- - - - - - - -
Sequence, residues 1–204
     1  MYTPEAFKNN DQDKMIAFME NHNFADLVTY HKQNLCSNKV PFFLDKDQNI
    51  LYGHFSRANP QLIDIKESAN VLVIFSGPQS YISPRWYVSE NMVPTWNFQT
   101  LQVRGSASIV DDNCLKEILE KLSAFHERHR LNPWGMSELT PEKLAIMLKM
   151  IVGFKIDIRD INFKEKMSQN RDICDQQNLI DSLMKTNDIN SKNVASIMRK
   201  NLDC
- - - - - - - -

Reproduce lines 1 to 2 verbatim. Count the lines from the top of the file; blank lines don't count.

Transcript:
Sequence, residues 1–204
     1  MYTPEAFKNN DQDKMIAFME NHNFADLVTY HKQNLCSNKV PFFLDKDQNI